I lived behind when I was ill with fibromyalgia, I’d recreated it.
My mind, body, and heart don’t register a difference
between an emotion felt via memory and an emotion felt via a current
experience. When I feel something, I feel
the experience right now. Present. Immediate.
I’ve learned things today. Trust my mind and body and heart to know what needs to be written, to feel the emotions truly, and to write that truth. Remember that the emotions I am expressing on the page colour how I feel after the writing is done; bless them, and let them go. Trust my readers and their emotional experiences to understand and complete the emotional connection I’m offering.
The shorter version—trust and write what feels true.
I’ve heard it said the kitchen is the heart of the home.
I understand that. When
my family gathers, no matter how inviting and comfortable the living room
couches and chairs, we always gravitate to the kitchen. Here we find nourishment for both body and heart.
However, my home has a secret. It has a second heart, a library. In my home, these two places feed us whole—body,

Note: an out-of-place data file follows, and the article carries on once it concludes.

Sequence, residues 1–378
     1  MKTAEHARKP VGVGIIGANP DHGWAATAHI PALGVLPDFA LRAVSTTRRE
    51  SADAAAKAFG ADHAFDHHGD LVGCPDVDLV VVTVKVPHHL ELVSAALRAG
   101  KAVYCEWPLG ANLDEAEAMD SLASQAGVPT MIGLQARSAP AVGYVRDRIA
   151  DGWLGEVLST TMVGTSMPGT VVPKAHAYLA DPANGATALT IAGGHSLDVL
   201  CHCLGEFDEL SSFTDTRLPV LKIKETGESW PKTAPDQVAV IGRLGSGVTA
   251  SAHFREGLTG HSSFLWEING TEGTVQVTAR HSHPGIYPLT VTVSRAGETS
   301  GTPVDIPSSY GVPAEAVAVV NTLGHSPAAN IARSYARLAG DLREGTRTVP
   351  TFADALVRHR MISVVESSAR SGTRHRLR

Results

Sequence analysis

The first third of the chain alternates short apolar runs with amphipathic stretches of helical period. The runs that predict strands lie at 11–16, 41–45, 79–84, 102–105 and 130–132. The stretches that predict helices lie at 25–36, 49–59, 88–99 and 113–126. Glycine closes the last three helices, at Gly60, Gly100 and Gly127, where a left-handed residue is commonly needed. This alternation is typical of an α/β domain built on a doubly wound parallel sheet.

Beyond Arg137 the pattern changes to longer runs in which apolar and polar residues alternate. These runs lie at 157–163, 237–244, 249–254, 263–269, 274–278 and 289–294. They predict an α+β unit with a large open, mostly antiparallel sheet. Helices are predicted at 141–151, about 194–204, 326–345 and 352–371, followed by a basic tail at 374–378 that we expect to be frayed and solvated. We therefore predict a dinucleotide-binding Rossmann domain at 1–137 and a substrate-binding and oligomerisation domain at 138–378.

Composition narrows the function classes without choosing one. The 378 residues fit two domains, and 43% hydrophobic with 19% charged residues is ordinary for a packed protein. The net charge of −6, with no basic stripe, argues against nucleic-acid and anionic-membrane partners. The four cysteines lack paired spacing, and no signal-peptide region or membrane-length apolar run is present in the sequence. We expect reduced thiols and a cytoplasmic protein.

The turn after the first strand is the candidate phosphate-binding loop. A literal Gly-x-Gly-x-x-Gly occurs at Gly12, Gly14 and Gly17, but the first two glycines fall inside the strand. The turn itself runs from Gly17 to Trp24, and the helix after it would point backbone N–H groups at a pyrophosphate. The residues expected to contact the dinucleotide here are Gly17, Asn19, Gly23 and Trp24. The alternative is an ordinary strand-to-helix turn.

heart, mind, and spirit.
I am in love with libraries, and having one of my very own
tickles me completely. I take great
delight in saying, “I have a library in my home.”
My library is a small room, no more than ten feet by ten feet square. Three walls of books and a window in the fourth wall. The light coming in is gold and green, the result of summer sun filtering through layers of grape leaves. It’s cool in here right now, despite the noon heat outside.
Besides books, my library holds an old couch, extra
pillows, and an afghan. There’s a
narrow, wood table with two leaves that fold out if you need more space for
important things like mugs of tea and a teapot, paper to write on, and
My library might be small but, like all libraries, it contains worlds, immense and uncountable, in each book that stands on the shelves around me. Here is treasure, beyond abundant, as endless as every imagination of every writer whose name shines on these beloved books.